Monthly archives: September, 2016

UIC Chemical Engineering Education

The Department of Chemical Engineering at University of Illinois at Chicago provides students with cutting-edge research opportunities, transformative educational growth and professional development. Department faculty and industrial partners mentor students to become leaders in the diverse areas of chemical engineering, including pharmaceutical, environment, nanotechnology, complex fluids, microelectronics, energy, and biomedical engineering, among others. The department also organizes special programs to train students with soft skills needed for professional development and career advancement.

To learn mor, visit the UIC College of Engineering here.


ArtReach Hosts 5-Alarm Chili Cook-Off Oct. 23rd

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Join ArtReach for the first annual Chili Cook-off to support youth programming at the Firehouse. Chicago chefs will put their tried-and-true recipes to the test for guest judges and a grand prize. Admission includes tastings of several delicious chilis, a one-of-a-kind handmade bowl, beer, musical entertainment and glass and ceramic demos – not to mention great company and a great cause!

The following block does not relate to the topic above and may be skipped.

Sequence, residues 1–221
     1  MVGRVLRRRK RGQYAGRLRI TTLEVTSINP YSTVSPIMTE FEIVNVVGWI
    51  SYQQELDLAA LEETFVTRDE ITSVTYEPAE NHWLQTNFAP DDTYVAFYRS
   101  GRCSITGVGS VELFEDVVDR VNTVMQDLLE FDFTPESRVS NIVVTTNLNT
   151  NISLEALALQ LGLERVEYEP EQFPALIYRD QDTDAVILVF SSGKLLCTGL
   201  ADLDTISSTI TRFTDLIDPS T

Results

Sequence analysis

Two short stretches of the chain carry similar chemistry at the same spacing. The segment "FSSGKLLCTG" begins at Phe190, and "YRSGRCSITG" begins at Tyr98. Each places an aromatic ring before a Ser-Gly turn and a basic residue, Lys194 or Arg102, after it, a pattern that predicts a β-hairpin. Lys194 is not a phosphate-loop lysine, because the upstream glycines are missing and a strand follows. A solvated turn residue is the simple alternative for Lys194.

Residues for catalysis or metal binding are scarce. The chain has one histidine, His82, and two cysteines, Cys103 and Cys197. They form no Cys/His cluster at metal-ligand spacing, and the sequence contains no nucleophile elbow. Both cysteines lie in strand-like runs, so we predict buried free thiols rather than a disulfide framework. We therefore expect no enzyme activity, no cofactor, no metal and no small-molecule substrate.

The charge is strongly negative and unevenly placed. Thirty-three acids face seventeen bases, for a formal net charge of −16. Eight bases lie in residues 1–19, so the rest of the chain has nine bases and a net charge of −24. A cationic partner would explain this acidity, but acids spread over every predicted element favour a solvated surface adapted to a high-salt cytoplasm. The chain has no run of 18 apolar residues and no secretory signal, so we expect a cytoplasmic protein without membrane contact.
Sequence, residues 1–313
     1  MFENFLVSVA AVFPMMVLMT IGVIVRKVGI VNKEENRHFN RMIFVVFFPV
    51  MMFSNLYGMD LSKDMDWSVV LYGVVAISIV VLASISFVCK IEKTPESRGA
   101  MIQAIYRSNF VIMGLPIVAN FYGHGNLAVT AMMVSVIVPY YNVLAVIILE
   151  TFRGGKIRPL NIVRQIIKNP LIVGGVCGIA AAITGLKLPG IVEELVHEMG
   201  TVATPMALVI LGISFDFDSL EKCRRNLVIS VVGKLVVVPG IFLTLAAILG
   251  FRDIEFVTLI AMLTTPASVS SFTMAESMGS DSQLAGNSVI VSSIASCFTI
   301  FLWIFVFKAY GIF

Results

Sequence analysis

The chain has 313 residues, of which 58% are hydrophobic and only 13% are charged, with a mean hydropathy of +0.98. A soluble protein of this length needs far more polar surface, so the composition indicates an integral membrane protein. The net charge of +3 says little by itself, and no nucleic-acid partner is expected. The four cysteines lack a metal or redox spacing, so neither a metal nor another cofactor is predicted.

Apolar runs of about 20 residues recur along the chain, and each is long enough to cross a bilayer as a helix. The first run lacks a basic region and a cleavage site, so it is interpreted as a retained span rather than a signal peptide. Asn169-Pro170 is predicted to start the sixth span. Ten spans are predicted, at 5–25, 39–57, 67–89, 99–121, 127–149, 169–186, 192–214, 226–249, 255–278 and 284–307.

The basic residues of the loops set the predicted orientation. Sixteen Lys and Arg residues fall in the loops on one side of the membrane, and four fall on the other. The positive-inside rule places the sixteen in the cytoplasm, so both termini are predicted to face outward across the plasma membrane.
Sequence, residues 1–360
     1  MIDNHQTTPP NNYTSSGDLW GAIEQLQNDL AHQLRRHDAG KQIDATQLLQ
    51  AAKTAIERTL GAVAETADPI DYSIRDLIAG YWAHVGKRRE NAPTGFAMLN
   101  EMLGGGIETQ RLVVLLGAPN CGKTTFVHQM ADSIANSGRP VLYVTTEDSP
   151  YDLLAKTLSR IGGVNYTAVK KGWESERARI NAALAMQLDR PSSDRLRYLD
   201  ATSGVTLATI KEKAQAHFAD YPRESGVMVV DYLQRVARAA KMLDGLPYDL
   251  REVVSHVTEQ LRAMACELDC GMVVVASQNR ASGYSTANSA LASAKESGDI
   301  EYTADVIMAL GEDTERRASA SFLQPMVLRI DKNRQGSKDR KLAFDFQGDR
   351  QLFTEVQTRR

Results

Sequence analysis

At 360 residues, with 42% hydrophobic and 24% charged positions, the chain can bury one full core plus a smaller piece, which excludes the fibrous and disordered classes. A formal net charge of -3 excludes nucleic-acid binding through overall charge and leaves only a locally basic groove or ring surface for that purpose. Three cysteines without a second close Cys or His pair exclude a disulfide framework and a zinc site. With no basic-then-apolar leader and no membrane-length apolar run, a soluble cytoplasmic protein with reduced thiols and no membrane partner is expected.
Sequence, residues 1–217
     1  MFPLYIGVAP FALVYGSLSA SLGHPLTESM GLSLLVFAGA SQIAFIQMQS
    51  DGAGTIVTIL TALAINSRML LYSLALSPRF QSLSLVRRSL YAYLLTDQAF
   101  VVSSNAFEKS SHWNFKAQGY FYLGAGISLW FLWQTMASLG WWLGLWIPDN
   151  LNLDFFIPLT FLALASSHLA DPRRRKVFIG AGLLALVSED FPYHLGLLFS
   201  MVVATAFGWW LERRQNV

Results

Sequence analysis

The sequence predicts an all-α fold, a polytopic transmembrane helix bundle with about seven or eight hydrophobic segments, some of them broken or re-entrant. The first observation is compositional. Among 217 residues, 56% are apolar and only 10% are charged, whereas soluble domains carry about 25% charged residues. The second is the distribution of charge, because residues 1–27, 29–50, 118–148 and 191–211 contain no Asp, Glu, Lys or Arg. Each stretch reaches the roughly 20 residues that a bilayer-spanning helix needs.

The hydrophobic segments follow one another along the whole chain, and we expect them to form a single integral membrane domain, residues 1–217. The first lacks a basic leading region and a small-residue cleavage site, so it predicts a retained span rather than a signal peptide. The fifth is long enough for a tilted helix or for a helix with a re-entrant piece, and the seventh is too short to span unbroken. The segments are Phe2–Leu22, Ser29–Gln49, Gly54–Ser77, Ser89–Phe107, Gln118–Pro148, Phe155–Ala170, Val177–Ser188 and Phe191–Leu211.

The Firehouse Art Studio, located at 1123 W. Roosevelt Road,  is a collaborative community art space shared by Art Reach and Firehouse Glass Studio that brings fire-based art programming, from ceramics to glass blowing, to residents of all ages and abilities. A full 100 percent of ticket and raffle proceeds will support after school programming at the Firehouse, which benefit local Chicago Public School students.